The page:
Basketball Tryout

Basketball was one of my favorite sports growing up. I’ve always enjoyed the sound of squeaking athletic shoes on the wood of a basketball court and the sound a basketball makes when bounced against hardwood. The intricate movements of basketball captivated me. The way five players worked together to succeed in scoring and defending.

The only hardwood floor I was around as a kid was in my parents’ kitchen. My brother and I weren’t allowed to bounce the basketball in the house, but there was something appealing about the sound it made on the floor, so the rule was broken regularly. My father soon installed a basketball hoop above the garage door and I spent hours playing in the driveway. I tried perfecting my shot and increasing my ball handling skills.

When basketball tryouts came around in the 7th grade, I was so excited. I had played with friends during recess in elementary school. As we arrived in junior high, games were played at lunchtime behind the cafeteria. Friends would play three on three and I tried to play. During those games after lunch I found myself overmatched. The guys I played with had gained athletic ability I had not since the prior year in elementary. I continued to practice in my driveway at home with encouragement from my family. The cerebral palsy was holding me back, but I thought it was my lack of practice. With a commitment to working harder I believed I could eventually play in the games during lunch and make the basketball team.

The first day of basketball tryouts involved multiple agility drills. We were measured on running, jumping, moving laterally, and dribbling the basketball quickly. I tried as hard as possible, but saw friends moving much more quickly. They were passing me during drills. It felt overwhelming after I had practiced so hard. Frustration eventually took hold and overwhelmed me, as I ran out of the gym in tears. A friend came out after me, he comforted me, explaining it was okay and I was doing well. He wanted me to come back in the gym and continue trying.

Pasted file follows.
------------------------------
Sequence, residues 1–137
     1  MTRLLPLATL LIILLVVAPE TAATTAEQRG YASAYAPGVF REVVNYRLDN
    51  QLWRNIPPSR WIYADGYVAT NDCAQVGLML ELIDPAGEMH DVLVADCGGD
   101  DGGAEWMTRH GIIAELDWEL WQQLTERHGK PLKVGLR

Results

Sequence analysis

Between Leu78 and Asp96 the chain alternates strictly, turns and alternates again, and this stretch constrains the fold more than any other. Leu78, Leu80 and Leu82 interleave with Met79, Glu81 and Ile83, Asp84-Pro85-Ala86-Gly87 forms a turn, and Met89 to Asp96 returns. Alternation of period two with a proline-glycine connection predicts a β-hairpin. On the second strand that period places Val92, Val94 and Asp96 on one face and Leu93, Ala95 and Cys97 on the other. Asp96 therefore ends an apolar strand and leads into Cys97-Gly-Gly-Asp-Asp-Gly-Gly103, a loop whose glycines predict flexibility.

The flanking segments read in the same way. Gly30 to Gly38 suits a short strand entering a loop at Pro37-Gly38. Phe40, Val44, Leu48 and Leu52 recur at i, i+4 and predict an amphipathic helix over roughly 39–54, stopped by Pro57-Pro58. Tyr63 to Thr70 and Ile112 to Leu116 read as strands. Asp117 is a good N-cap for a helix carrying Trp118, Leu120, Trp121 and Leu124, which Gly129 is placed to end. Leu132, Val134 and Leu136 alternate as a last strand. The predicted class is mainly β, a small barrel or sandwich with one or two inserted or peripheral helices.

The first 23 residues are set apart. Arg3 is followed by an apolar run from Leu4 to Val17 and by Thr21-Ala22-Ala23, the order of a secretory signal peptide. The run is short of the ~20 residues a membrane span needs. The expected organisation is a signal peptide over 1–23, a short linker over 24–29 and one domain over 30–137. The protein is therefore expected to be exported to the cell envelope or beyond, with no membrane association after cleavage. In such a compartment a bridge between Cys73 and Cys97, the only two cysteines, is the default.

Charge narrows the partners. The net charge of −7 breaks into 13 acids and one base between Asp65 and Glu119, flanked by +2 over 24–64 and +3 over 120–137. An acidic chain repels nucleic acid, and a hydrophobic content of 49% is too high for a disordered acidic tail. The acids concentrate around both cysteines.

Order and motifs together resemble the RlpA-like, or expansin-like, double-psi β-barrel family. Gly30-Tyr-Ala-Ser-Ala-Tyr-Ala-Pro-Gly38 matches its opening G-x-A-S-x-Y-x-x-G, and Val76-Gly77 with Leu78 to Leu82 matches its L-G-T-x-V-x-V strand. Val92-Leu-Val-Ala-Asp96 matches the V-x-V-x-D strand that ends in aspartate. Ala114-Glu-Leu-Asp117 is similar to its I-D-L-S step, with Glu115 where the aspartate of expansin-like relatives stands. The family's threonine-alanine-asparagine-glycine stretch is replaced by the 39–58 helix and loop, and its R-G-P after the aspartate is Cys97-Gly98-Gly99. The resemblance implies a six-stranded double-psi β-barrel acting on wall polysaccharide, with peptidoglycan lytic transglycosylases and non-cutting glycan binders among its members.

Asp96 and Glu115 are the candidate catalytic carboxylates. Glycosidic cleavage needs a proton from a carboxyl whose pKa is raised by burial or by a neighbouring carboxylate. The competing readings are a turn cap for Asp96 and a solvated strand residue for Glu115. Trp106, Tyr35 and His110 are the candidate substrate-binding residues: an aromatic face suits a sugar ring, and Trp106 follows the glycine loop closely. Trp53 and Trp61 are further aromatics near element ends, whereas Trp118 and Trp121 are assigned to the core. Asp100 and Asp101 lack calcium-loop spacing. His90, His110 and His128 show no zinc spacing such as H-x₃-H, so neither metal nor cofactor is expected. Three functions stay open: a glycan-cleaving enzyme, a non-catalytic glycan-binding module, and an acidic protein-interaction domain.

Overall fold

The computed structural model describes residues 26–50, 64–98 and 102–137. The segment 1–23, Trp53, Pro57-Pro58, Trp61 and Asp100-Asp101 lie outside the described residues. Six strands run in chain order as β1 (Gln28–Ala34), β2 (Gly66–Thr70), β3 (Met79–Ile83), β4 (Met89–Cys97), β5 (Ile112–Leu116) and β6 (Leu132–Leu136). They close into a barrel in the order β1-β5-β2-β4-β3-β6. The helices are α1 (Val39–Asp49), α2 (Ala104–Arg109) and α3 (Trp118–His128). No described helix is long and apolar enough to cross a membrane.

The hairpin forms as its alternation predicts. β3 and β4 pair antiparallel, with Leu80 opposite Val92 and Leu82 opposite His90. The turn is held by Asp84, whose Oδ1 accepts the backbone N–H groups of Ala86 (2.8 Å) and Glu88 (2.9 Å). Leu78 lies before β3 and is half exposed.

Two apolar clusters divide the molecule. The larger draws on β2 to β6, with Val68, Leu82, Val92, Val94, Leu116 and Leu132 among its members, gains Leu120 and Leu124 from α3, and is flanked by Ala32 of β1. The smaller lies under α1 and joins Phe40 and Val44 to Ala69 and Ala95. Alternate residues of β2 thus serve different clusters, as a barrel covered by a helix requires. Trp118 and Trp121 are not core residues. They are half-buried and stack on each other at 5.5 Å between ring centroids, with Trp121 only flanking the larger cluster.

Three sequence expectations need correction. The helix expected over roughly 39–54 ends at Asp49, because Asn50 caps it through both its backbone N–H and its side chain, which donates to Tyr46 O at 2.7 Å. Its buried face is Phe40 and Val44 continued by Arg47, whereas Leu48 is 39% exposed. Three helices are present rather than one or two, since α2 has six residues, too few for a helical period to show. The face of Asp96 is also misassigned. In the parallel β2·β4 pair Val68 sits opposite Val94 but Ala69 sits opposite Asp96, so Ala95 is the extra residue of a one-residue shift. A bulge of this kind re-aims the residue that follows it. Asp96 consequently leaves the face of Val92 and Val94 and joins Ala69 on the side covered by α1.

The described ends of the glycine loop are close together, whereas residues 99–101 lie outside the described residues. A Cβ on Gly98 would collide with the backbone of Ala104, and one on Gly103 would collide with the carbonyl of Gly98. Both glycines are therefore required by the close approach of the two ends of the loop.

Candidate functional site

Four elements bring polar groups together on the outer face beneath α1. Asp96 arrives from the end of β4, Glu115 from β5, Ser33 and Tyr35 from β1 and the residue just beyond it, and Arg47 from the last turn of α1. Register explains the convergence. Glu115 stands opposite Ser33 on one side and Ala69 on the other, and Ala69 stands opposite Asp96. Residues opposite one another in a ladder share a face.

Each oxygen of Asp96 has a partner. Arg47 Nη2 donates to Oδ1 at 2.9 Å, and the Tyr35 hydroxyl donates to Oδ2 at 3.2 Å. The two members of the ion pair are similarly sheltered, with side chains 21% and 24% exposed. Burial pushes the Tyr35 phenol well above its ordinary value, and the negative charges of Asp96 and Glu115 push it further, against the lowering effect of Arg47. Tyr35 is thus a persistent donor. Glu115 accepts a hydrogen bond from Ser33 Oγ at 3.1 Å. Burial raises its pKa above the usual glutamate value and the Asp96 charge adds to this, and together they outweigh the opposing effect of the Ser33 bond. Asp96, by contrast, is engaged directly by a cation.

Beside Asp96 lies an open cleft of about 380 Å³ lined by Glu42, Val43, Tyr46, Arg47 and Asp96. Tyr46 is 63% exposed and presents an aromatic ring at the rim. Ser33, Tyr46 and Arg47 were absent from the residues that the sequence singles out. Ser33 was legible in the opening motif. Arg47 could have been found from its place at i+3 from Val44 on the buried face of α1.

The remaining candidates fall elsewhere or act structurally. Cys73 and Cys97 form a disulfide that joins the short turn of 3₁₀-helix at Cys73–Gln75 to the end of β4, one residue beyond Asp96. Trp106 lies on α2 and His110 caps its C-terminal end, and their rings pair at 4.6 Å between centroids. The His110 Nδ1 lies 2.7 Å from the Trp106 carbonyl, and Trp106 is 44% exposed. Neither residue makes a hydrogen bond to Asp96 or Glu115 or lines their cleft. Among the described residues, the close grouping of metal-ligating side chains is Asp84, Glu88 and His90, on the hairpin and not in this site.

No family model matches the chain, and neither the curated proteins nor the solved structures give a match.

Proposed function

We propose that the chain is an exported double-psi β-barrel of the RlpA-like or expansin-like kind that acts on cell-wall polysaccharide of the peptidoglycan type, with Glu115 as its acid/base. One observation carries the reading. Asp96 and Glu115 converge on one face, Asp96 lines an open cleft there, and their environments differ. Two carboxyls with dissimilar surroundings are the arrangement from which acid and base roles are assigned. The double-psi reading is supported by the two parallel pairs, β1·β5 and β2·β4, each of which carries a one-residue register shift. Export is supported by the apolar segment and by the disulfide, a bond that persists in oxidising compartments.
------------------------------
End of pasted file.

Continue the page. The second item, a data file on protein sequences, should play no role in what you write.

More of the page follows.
I did come back inside the gym and resumed my efforts to make the team. Practice ended and we all went home for the night. Day two of tryouts would be the following day; there were no cuts after day one.

When I reached the locker room to change for the second day of tryouts coach called me into his office. He explained he couldn’t keep me as a player, because it would be unfair to the other guys. Coach explained his desire to give me a spot on the team because he loved the effort and heart I showed, but other players were more skillful. My heart dropped upon hearing the news, but I knew my disability was getting in my way.

Coach asked me to hang up my sneakers and become the team manager. I wasn’t familiar with the position so I inquired as a seventh grader would. He explained I would be helping out with the team. I would come to practices and games, take statistics and help him out as the coach. He told me it would be great to have me around and I found managing to be fun. It made me feel part of the team and I developed good friendships with the guys. I continued to learn the intricacies of the game, which have always been fascinating.

Moving through junior high and high school I was the basketball team manager nearly every year. I took stats and paid attention during practice. If I didn’t have the ability to play, I enjoyed learning how to teach. Each coach I managed under had a different perspective on the game of basketball. They each motivated differently, had different expectations of the players, and me, each coach spoke differently in the heat of battle. Some yelled with anger and disapproval, while others taught with humility and understanding. Everything I learned along the way helped me when I was lucky enough to assist with coaching at the 9th grade level after high school. I found the lack of athletic ability doesn’t always result in the lack of ability to learn, teach, and understand a game.


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